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Quantitative mapping of zinc fluxes in the mammalian egg reveals the origin of fertilization-induced zinc sparks

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Abstract

Fertilization of a mammalian egg initiates a series of ‘zinc sparks’ that are necessary to induce the egg-to-embryo transition. Despite the importance of these zinc-efflux events little is known about their origin. To understand the molecular mechanism of the zinc spark we combined four physical approaches that resolve zinc distributions in single cells: a chemical probe for dynamic live-cell fluorescence imaging and a combination of scanning transmission electron microscopy with energy-dispersive spectroscopy, X-ray fluorescence microscopy and three-dimensional elemental tomography for high-resolution elemental mapping. We show that the zinc spark arises from a system of thousands of zinc-loaded vesicles, each of which contains, on average, 106 zinc atoms. These vesicles undergo dynamic movement during oocyte maturation and exocytosis at the time of fertilization. The discovery of these vesicles and the demonstration that zinc sparks originate from them provides a quantitative framework for understanding how zinc fluxes regulate cellular processes.

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Figure 1: Vital zinc probe reveals cortical compartments in the female gamete in mouse.
Figure 2: Labile zinc is cortically localized in the oocyte and tracks with CG staining.
Figure 3: Zinc fixation enables ultrastructural identification of zinc-enriched cortical compartments by STEM-EDS.
Figure 4: XFM and tomography provide zinc quantification and mapping within the egg.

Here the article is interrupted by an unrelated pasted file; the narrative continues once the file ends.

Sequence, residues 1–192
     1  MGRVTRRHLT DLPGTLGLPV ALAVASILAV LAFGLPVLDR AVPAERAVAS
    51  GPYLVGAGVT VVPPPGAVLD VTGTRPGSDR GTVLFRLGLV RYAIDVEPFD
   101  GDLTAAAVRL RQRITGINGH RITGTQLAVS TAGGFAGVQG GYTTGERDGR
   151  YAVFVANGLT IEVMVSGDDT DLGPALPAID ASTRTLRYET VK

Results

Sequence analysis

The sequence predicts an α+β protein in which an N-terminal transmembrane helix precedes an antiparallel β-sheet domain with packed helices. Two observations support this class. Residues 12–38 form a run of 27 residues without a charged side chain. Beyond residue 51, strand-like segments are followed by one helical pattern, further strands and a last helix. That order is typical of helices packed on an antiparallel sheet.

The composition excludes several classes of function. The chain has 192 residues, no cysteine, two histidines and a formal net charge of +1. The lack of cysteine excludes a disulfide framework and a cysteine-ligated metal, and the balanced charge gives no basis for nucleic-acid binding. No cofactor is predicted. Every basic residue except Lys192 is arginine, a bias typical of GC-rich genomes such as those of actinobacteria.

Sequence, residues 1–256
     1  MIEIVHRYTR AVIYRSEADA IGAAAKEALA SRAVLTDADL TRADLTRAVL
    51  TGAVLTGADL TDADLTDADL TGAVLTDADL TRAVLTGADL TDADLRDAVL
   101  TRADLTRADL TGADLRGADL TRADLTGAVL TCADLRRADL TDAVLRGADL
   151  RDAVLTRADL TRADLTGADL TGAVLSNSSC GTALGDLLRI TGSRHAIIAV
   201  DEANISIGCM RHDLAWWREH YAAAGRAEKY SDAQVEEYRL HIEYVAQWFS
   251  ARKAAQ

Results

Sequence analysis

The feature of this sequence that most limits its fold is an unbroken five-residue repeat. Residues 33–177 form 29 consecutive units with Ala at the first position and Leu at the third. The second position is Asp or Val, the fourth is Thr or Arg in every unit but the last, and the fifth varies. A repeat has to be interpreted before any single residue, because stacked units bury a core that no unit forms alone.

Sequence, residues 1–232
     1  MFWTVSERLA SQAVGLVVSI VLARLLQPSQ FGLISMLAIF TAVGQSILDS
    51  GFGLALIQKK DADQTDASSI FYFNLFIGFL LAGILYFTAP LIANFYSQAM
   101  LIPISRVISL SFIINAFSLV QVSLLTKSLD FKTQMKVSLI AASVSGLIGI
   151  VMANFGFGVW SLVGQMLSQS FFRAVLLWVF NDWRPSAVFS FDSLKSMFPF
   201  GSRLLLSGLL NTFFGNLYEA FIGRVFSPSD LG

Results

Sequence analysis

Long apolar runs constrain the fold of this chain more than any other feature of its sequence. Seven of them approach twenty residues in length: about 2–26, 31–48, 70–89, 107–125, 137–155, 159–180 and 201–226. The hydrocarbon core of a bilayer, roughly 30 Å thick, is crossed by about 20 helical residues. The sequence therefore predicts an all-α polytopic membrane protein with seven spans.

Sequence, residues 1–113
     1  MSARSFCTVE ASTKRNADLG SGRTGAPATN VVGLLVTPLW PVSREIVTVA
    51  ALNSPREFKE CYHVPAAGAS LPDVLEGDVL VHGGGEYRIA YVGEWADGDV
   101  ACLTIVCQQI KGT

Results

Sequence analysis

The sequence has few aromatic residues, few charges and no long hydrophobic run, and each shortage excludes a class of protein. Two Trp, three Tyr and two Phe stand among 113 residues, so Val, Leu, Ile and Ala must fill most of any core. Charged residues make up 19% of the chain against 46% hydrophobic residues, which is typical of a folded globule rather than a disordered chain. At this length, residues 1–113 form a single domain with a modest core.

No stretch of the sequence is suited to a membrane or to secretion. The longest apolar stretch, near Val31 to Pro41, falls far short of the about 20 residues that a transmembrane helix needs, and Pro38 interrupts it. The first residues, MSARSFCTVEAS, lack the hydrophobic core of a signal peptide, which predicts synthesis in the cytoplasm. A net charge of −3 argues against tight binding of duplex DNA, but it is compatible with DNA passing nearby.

Figure 5: Live-cell fluorescence zinc imaging demonstrates that intracellular zinc compartments are the source of the extracellular zinc spark.
Figure 6: The zinc flux during egg activation is regulated by a quantitative loss of cortical zinc compartments.

Change history

  • 23 December 2014

    In the version of this Article previously published online, the NIH grant number T32GM105538 was missing from the Acknowledgements section. This has now been corrected in all versions of the Article.

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Acknowledgements

The authors thank members of the O'Halloran, Woodruff and Dravid labs for scientific discussions and advice. We thank E. W. Roth for the preparation of electron microscopy samples and J-H. Chung and J. Shangguan for help with chemical syntheses. Equipment and experimental guidance were provided by the following core facilities at Northwestern University: the Integrated Molecular Structure Education and Research Center, the Biological Imaging Facility, the Quantitative Bioelemental Imaging Center, the Electron Probe Instrumentation Centre and the Keck Biophysics Facility. This research used resources of the Advanced Photon Source, a US Department of Energy (DOE) Office of Science User Facility operated for the DOE Office of Science by Argonne National Laboratory under contract no. DE-AC02-06CH11357. This work was supported by a Medical Research Award from the W. M. Keck Foundation, a SPARK Award from the Chicago Biomedical Consortium and the National Institutes of Health (P01 HD021921, GM38784, U54HD076188 and T32GM105538).

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E.L.Q., R.B., F.E.D., B.Y.K., V.P.D., T.K.W. and T.V.O. designed the research. E.L.Q., R.B., F.E.D., B.Y.K., S.A.G. and A.R.B. performed the research. S.C.G., S.V. and S.C. helped design and implement XFM experiments and process and analyse the data. E.L.Q., R.B., F.E.D., T.K.W. and T.V.O. wrote the manuscript. All the authors discussed the results and commented on the manuscript.

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Correspondence to Teresa K. Woodruff or Thomas V. O'Halloran.

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Que, E., Bleher, R., Duncan, F. et al. Quantitative mapping of zinc fluxes in the mammalian egg reveals the origin of fertilization-induced zinc sparks. Nature Chem 7, 130–139 (2015). https://doi.org/10.1038/nchem.2133

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